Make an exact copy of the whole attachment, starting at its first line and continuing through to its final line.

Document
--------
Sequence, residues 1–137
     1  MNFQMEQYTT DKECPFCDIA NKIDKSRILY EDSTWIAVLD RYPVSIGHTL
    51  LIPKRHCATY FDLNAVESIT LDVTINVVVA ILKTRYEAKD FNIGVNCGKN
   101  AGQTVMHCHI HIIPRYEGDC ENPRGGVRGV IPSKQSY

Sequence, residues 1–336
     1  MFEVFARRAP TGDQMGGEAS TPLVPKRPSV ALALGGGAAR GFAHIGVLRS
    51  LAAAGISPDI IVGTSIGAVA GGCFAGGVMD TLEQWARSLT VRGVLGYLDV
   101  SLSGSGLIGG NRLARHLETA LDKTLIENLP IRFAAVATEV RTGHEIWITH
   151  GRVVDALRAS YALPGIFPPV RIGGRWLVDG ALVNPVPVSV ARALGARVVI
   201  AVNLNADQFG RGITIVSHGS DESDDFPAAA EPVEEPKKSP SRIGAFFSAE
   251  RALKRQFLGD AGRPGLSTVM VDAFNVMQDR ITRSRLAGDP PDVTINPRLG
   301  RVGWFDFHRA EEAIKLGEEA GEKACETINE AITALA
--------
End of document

Sequence, residues 1–137
     1  MNFQMEQYTT DKECPFCDIA NKIDKSRILY EDSTWIAVLD RYPVSIGHTL
    51  LIPKRHCATY FDLNAVESIT LDVTINVVVA ILKTRYEAKD FNIGVNCGKN
   101  AGQTVMHCHI HIIPRYEGDC ENPRGGVRGV IPSKQSY

Sequence, residues 1–336
     1  MFEVFARRAP TGDQMGGEAS TPLVPKRPSV ALALGGGAAR GFAHIGVLRS
    51  LAAAGISPDI IVGTSIGAVA GGCFAGGVMD TLEQWARSLT VRGVLGYLDV
   101  SLSGSGLIGG NRLARHLETA LDKTLIENLP IRFAAVATEV RTGHEIWITH
   151  GRVVDALRAS YALPGIFPPV RIGGRWLVDG ALVNPVPVSV ARALGARVVI
   201  AVNLNADQFG RGITIVSHGS DESDDFPAAA EPVEEPKKSP SRIGAFFSAE
   251  RALKRQFLGD AGRPGLSTVM VDAFNVMQDR ITRSRLAGDP PDVTINPRLG
   301  RVGWFDFHRA EEAIKLGEEA GEKACETINE AITALA